There’s a branch of the WTO called the International Trade Centre. Its job is to really focus on SMEs – small and medium enterprises – and on women, and try to help them penetrate external markets. But they need help. For example, there are lots of sanitary and phytosanitary requirements they must meet to export. In Nigeria, the centre has been working with shea butter producers who had been trying to break into world markets, but were banned from the US and Europe because they didn’t meet the standards. And over five or more years, they worked with them to upgrade the quality of their shea butter. Now they are exporting to the US. This is a group of women cooperatives that are exporting to Europe. They’ve more than doubled their incomes.
Prof Posel: I would like us to move on to another set of constraints on job growth in South Africa. And this concerns issues around trust and corruption. What is your advice to us in South Africa on this particular issue?
Ngozi Okonjo-Iweala: All I can do is share some of my experiences in Nigeria. And some of the ways we approached it. Before I do that, let me say that, you know, a lot of public corruption is also linked to public procurement.
One of the things to look at immediately is how to institutionalise transparent processes. We looked at how to set up a system with lots of transparency because we found a lot of corruption was coming from public procurement. So we introduced rules of the game that had to be followed at certain thresholds.
Was it 100% successful in curbing that?
No, but it did introduce a safeguard into the system so that people didn’t have a free for all.
But let me tell you one thing that has been quite helpful, at least in my time in fighting corruption, is technology.
I’ll just give one example. When I took office as minister of finance in Nigeria, we would get the payroll, let’s say the ministry of agriculture would come to me and say we have X number of people on the payroll, they would send this in, and then we would pay against that.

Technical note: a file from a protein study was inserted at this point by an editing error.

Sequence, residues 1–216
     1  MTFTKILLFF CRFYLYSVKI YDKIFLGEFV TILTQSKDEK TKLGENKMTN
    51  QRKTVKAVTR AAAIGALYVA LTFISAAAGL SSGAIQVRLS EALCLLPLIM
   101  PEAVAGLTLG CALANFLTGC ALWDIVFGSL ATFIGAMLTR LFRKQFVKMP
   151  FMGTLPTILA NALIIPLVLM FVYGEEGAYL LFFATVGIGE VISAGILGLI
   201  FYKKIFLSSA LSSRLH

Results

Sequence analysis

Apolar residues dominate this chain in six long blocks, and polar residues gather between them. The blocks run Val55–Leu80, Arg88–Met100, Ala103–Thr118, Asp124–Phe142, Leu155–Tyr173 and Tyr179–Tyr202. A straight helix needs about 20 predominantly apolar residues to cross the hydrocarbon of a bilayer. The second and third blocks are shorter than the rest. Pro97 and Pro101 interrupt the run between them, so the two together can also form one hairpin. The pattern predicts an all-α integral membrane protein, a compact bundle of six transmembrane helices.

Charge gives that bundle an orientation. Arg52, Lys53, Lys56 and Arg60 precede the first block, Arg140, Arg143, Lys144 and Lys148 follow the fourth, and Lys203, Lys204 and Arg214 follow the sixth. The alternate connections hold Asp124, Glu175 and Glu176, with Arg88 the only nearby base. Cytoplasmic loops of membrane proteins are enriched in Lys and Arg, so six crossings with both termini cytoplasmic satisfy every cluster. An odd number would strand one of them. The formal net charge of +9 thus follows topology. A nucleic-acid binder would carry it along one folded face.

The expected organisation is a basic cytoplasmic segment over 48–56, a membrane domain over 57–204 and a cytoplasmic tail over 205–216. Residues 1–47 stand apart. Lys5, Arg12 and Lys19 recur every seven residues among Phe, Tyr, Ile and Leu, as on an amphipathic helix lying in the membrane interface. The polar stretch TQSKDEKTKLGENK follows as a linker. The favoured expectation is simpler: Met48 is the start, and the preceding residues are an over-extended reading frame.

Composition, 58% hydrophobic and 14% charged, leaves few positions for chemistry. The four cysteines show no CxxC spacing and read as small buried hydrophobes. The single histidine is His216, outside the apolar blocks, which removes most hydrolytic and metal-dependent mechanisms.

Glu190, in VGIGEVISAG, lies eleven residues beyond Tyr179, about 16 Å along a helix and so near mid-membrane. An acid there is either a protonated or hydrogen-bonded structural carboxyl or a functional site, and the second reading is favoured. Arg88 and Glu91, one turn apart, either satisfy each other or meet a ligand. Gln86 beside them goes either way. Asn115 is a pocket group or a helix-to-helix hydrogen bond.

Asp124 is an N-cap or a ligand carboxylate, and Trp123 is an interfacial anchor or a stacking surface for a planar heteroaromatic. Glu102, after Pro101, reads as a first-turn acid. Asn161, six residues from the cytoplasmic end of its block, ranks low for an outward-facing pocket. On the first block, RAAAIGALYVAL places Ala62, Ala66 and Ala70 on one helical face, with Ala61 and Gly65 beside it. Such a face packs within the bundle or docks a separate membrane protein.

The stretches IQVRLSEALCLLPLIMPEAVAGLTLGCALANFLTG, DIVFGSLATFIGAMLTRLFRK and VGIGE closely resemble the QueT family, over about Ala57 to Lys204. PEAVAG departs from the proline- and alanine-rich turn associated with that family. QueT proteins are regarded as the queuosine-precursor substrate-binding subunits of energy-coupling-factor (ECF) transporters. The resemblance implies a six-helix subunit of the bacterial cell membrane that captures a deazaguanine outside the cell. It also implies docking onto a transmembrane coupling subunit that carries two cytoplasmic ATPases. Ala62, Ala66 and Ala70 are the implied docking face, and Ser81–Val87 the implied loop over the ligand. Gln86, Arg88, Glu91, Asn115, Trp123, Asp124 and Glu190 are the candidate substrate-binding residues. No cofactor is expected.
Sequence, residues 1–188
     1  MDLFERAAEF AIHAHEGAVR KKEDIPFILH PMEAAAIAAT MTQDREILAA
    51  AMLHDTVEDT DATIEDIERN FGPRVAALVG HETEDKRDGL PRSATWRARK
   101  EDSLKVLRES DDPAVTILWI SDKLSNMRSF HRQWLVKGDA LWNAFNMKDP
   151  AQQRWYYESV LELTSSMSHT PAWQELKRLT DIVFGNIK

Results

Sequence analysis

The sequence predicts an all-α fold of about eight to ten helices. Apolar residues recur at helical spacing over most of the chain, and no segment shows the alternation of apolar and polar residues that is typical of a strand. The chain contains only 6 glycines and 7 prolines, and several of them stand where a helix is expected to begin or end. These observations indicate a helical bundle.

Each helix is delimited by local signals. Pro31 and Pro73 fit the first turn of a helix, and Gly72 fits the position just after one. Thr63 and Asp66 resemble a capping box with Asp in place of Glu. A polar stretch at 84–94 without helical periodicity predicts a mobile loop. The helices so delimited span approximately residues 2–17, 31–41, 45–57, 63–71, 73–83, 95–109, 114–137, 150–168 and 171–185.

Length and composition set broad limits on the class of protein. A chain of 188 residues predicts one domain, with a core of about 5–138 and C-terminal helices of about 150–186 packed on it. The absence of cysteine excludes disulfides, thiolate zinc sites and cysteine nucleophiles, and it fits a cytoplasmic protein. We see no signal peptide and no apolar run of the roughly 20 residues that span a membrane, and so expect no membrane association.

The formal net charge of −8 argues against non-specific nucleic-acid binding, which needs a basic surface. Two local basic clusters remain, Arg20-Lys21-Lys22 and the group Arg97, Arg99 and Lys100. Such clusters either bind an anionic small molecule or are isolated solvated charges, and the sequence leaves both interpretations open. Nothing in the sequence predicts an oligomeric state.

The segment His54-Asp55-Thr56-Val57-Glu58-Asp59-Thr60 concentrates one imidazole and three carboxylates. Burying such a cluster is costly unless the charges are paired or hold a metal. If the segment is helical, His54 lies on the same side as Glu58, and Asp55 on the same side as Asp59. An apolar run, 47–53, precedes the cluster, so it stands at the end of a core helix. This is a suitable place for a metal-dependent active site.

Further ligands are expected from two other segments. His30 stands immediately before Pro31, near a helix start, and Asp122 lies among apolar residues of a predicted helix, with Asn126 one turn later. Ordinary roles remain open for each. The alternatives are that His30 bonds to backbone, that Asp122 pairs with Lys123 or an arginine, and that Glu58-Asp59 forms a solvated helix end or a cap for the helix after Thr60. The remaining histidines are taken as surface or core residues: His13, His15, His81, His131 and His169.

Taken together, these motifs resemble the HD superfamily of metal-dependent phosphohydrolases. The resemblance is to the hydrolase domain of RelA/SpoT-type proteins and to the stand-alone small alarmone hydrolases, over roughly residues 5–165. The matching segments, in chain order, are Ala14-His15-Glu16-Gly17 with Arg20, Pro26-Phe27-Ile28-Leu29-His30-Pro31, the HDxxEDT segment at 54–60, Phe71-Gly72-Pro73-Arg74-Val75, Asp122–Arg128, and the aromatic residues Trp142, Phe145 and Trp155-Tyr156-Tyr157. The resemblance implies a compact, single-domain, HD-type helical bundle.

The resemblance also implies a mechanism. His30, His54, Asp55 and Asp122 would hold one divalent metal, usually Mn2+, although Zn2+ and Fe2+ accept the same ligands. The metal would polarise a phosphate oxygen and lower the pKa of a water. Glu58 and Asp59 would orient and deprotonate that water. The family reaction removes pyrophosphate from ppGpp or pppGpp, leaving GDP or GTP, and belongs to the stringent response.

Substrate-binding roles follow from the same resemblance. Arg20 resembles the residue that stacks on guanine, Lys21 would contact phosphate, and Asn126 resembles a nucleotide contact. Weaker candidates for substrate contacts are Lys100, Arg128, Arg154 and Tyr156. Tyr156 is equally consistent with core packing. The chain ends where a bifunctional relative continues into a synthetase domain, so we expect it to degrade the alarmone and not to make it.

A lot of things were manual. And corruption had become entrenched because people could introduce ghost workers who became ghost pensioners.
I stood back and with the the economic team and with the support of the president, of course, we thought about introducing government financial management systems based on technology, so that we could take out as much of the manual and human intervention as possible. And we had an integrated payroll and personnel management system that had technology built in so that everyone could be identified.
We had a government financial system that was based on technology that linked the budget, the Treasury, to the other departments, so we didn’t have all this manual stuff.
So again, did that solve the entire problem? The answer is no. But it did solve a lot. We were able to save about US$1 billion by wiping out a lot of these ghost workers and ghost pensioners from the payroll. It’s still not perfect, but we did a lot.
So when you have stealing of state assets, we now have all sorts of technology that can be introduced to see what’s actually happening. We all know we have systems of cameras and drones and things that can be used to monitor what is going on. Technology helps in prosecutions. Prosecutions must take place so people know they can’t get away with it.
There’s no magic bullet, you need an array of policies, technologies, you need to be crystal clear. And people need to know that fighting corruption starts with them. Technology is not the perfect solution, but it can help in certain circumstances.
It starts with you, you have to take responsibility, not just waiting for government or some nebulous organisation to fight it. But that demands courage.
This article first appeared here. It is an edited excerpt of the Wits School of Economics and Finance’s centenary webinar titled 100 Years of Economics at Wits: Reflecting on the Past, Looking to the Future. The event can be watched here.